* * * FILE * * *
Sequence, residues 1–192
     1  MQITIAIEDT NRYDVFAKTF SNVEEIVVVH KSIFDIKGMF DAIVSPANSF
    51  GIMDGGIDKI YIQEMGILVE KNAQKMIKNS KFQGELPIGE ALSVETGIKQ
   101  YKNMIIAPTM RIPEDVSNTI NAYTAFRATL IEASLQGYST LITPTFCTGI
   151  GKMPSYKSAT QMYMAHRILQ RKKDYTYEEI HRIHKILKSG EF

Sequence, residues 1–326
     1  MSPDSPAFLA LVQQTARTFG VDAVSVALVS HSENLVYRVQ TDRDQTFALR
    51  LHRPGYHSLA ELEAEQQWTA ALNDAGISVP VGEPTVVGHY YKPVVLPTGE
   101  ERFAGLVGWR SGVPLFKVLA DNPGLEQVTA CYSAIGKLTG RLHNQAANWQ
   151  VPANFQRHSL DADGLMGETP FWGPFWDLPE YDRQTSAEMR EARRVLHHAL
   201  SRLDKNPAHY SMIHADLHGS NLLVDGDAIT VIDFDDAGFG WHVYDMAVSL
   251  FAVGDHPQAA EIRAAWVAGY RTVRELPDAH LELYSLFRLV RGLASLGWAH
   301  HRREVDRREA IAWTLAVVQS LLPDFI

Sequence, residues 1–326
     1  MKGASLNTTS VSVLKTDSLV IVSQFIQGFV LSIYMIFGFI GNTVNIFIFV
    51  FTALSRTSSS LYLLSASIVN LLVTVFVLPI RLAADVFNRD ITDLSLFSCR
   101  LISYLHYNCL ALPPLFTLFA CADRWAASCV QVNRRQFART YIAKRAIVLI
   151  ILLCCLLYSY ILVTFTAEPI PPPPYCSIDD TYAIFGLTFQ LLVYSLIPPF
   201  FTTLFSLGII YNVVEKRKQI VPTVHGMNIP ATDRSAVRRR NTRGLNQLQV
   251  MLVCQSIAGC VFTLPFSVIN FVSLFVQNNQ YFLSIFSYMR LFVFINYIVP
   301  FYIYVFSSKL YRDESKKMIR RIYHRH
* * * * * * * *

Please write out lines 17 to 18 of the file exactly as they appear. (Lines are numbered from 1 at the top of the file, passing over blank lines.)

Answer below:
   101  LISYLHYNCL ALPPLFTLFA CADRWAASCV QVNRRQFART YIAKRAIVLI
   151  ILLCCLLYSY ILVTFTAEPI PPPPYCSIDD TYAIFGLTFQ LLVYSLIPPF